I aimed for the public’s heart, and by accident I hit it in the stomach.
In 1906, Upton Sinclair wrote The Jungle, a book intended to be a scathing indictment of capitalism. Sinclair was no fan of the American economic system, once saying, “Fascism is capitalism plus murder.”
Unfortunately for Sinclair, the plight of the everyday man did not resonate with his readers–and there were many. The subsequent outcry from his book did lead to major reforms, but not in our economic system. Rather, it brought big changes in the meatpacking industry. Hence the quote at the beginning of this post.
You have to admire people who aim that high because not everyone does. For instance, a friend of mine recently reviewed Crush It by Gary Vaynerchuk, a best-selling business book released in the last two years. My friend is a well-regarded small business expert and wrote of the book:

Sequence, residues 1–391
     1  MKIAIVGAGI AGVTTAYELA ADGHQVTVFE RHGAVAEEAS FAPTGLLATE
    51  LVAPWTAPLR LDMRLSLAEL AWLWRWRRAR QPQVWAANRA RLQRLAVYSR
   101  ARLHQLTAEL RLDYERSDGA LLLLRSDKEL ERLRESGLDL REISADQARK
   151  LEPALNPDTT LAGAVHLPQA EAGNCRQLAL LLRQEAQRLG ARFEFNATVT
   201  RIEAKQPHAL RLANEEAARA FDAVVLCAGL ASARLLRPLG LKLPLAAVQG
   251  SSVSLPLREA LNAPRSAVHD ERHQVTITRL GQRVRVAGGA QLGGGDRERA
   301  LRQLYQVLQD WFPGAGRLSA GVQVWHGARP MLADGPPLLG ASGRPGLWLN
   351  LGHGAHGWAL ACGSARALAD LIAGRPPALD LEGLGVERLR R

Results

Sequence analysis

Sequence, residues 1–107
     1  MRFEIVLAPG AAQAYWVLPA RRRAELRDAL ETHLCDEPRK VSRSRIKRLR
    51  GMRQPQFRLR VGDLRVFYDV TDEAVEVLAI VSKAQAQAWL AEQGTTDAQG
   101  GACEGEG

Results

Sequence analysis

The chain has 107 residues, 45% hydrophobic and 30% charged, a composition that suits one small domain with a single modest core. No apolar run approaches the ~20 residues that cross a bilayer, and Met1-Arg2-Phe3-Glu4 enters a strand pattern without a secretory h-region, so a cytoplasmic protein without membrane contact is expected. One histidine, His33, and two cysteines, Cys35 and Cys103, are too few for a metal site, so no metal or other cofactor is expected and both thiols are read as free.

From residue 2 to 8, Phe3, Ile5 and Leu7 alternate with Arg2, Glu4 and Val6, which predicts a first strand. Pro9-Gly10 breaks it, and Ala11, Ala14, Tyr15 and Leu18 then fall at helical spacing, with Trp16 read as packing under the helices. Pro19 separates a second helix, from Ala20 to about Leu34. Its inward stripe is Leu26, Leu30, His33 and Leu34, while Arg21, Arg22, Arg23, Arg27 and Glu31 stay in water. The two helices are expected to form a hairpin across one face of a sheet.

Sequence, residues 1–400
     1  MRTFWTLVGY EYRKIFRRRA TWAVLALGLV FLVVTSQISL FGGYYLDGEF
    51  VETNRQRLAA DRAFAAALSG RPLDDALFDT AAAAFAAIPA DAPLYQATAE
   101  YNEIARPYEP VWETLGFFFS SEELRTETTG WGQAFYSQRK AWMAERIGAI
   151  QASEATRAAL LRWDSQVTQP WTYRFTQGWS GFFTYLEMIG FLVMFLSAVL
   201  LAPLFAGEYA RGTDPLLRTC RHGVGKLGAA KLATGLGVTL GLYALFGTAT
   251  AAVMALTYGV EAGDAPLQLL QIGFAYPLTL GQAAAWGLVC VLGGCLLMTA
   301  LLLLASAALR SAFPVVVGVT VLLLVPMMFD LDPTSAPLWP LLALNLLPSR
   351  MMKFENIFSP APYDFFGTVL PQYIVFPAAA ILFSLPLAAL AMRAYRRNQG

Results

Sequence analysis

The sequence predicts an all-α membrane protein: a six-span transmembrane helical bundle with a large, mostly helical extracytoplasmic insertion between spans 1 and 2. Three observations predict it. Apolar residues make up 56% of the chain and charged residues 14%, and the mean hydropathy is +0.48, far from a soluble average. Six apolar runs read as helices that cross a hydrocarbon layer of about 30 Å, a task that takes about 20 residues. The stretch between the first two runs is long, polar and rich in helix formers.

…there is some value, especially for someone who knows little about social media and wants a rundown of various social sites and to learn a few techniques. But there are better books out there for that. I don’t think the value warrants the hype around this book. It’s a pretty average business book about social media.
She gave Crush It a three-star review–and, from the Amazon reviews, many others believe that the book is substance free. I read the book as well and agree with her assessment. There’s nothing wrong with the book, but it’s hardly on par with some of the other social media books I’ve read. I am a bigger fan of Vaynerchuk’s follow-up book, The Thank You Economy.
Some people swear by Crush It and I’m not going to tell them they’re wrong–and I doubt that Gary Vaynerchuk will lose any sleep over a mildy critical review.
I can’t speak for all authors, but I would prefer to have The Age of the Platform loved and/or hated–not considered fine. I know that we all have to pay the bills, but I just can’t justify writing what I believe is an average book. My favorite directors would never strive to make a mediocre film. My favorite bands don’t attempt to produce an “acceptable” album.
I’d rather aim for readers’ hearts, even if I hit them in their stomachs. What about you?